Tag Archives: CDI study

First Time Clostridioides difficile Infection Study Reveals Correlation Between Antibiotic Use and CDI Utilizing Data From 2006-2012

ABSTRACT :   Association between Antibiotic Use and Hospital-Onset Clostridioides difficile Infection in U.S. Acute Care Hospitals, 2006-2012: an Ecologic Analysis

“> Sophia V Kazakova, M.D., M.P.H, Ph.D James Baggs, Ph.D L Clifford McDonald, M.D Sarah H Yi, Ph.D Kelly M Hatfield, M.S.P.H Alice Guh, M.D., M.P.H Sujan C Reddy, M.D., M.Sc John A Jernigan, M.D., M.S

Clinical Infectious Diseases, ciz169, https://doi.org/10.1093/cid/ciz169
Published:
01 March 2019
Article history

Abstract

Background

Unnecessary antibiotic use (AU) contributes to increased rates of Clostridioides difficile Infection (CDI). The impact of antibiotic restriction on hospital-onset CDI (HO-CDI) has not been assessed in a large group of U.S. acute care hospitals (ACHs).

Methods

We examined cross-sectional and temporal associations between rates of hospital-level AU and HO-CDI using data from 549 ACHs. HO-CDI, a discharge with a secondary ICD-9-CM for CDI (008.45) and treatment with metronidazole or oral vancomycin ≥ 3 days after admission. Analyses were performed using multivariable generalized estimating equation models adjusting for patient and hospital characteristics.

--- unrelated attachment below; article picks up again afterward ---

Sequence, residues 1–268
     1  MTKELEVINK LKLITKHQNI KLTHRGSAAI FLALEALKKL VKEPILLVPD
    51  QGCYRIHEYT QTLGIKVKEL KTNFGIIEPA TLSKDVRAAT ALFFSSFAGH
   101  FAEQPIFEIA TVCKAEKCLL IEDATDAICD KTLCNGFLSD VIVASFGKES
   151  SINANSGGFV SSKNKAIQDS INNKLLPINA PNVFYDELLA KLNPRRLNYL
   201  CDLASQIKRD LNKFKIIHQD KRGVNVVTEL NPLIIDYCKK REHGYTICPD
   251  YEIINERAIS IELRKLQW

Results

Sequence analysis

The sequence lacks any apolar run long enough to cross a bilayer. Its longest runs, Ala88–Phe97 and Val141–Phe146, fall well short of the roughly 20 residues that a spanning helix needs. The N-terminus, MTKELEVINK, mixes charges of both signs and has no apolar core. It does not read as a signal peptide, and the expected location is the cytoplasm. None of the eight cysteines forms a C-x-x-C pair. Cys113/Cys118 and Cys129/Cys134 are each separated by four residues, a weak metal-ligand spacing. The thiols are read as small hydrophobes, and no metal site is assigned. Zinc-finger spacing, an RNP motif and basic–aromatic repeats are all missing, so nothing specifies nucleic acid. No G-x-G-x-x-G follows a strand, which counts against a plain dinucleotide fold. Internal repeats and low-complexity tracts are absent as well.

Results

During 2006-2012, the unadjusted annual rates of HO-CDI and total AU were 7.3 per 10,000 patient-days (PD) (95% CI: 7.1-7.5) and 811 days of therapy (DOT)/1,000 PD (95% CI: 803-820), respectively. In the cross-sectional analysis, for every 50 DOT/1,000 PD increase in total AU, there was a 4.4% increase in HO-CDI.

For every 10 DOT/1,000 PD increase in use of third- and fourth-generation cephalosporins or carbapenems there was a 2.1% and 2.9% increase in HO-CDI, respectively. In the time-series analysis, the 6 ACHs with a ≥ 30% decrease in total AU had a 33% decrease in HO-CDI (rate ratio, 0.67; 95% CI, 0.47-0.96); ACHs with a ≥ 20% decrease in fluoroquinolone or third- and fourth-generation cephalosporin use had a corresponding decrease in HO-CDI of 8% and 13%, respectively.

Conclusions

At an ecologic level, reductions in total AU, use of fluoroquinolones and third- and fourth-generation cephalosporins were each associated with decreased HO-CDI rates.

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https://academic.oup.com/cid/advance-article/doi/10.1093/cid/ciz169/5367464?fbclid=IwAR0S6XfRWoKTJNmBoZLQicy2BqzuOOyRF9dx2ctQGRn0K9K0m79cr7Or7pQ